Sunday, January 17, 2010
THE NEXT GREAT EXODUS ?
Les photos ci-dessus sont extraites de la série Prefab Indiana réalisée par l'architecte Wes Janz. Voilà comment il présente son travail dans la revue Polar Inertia.
"Prefabricated houses roll south, 70 miles per hour, on I-69. I daydream north, 13+ years, 70 miles per hour, on I-69 between my Indianapolis home near Exit 0 to Exit 41 and work at Ball State University.
The prefabs are sourced in northern Indiana, in places like Elkhart – the “RV Capital of the World” – were one manufacturer, Skyline, built 890,000 houses since 1951. The city of Middlebury is there too, and so are places with fun names: Goshen, Wakarusa, Nappanee, Shipshewana.
About the photos. Inspired by Chris Jones’ “St Ives by chance” and “chance process” work, and John Cage’s musical composition 4’33”. A house approaches, camera up, viewfinder look, shutter push, then gone. Three seconds. Converging high speeds, closeness, and one-eye-on-prefab-one-eye-on-traffic bring blurs and out-of-frame experiences. Houses are backgrounded as overpasses, yellow lines, asphalt, guardrails, vehicles, dirty windshield, weather, changing seasonal landscapes, signage, and traffic accidents come into view. January to July 2009.
Prefabricated houses keep rolling, their mobility reflecting our confident choices in the best of times, tagging along now with the contradictory and complementary forces of foreclosing, vacating, and on-the-moving of our unsettling and resettling lives."
En découvrant ce travail récemment je n'ai pas pu m'empêcher de faire le lien avec le projet "HOMEWAY - The Great Suburban Exodus" par Terreform qui se présente comme, je cite, "ecological design group for urban infrastructure, building, planning, and art".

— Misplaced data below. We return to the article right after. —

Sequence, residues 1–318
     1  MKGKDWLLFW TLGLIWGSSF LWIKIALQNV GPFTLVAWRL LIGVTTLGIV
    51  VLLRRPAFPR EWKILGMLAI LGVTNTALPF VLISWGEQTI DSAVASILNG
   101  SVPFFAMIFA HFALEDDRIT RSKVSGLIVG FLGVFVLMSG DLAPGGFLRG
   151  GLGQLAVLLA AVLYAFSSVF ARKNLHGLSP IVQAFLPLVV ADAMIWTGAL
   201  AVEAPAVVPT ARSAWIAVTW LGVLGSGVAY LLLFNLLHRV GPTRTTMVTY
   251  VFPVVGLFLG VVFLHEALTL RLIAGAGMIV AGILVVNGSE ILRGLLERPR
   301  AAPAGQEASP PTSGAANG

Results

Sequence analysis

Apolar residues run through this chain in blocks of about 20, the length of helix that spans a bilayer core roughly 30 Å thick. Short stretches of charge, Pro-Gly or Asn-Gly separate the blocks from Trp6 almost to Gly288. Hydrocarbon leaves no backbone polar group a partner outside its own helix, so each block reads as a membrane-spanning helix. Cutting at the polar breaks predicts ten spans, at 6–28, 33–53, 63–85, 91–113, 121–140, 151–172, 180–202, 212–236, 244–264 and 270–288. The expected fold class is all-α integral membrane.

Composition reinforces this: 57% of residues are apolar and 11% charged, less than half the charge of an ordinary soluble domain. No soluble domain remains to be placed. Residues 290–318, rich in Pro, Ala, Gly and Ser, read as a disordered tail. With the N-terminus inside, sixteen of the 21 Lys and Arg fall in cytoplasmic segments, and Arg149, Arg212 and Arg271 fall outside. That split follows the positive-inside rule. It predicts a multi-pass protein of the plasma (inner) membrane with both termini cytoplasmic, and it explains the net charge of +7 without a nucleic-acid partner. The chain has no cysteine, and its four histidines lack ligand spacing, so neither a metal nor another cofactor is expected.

HOMEWAY est, en effet, selon moi, le prolongement prospectif de ce que montre Wes Janz, doublé d'une réflexion sur le développement de la suburbia.
"How can our cities extend into the suburbs sustainability ? We propose to put our future American dwellings on wheels. These retrofitted houses will flock towards downtown city cores and back. We intended to reinforce our existing highways between cities with an intelligent renewable infrastructure. Therefore our homes will be enabled to flow continuously from urban core to core.
Our proposal envisions an immense and vital solution to a fundamental problem: American suburbs fail to work efficiently. In the next 25 years we will build 56 million new homes that will consume 18.8 million acres of virgin land and emit 7.3 billion tons of CO2 per year.
These frameworks of development need to be rethought to meet our ecological carrying capacities. Why should we put further energy into past inferior patterns? America needs to deliver dwellings closer to our existing main infrastructural arteries. We cannot continue to overextend our thinly disturbed resource lines."
"America has always been a nation on the road. We desire to move the suburbs on smart networked wheels. We intend to affix a diverse range of mobility mechanisms to home units that generate our novel HOMEWAY system. In the future, the physical home will remain permanent but its location will be transient.
Our static suburbs will be transformed into a dynamic and deployable flow.
Houses will have the option to switch from parked to low speed. Homes, big box retail, movie theaters, supermarkets, business hubs, food production, and power plants will depart from their existing sprawled communities and line up along highways to create a truly breathing interconnected metabolic urbanism. Dense ribbons of food, energy, waste and water elements will follow the direction of moving population clusters."
Et en maquette, cela donne cela.
On retrouve là l'esprit de la walking city d'Archigram enrichi des délires de Steven M. Johnson et des visions des Mange-Bitume.
Voir sur un sujet très proche, le très réjouissant Crawler Town de Dave DeGobbi qui semble, lui, directement inspiré du Crawler-transporter de la Nasa.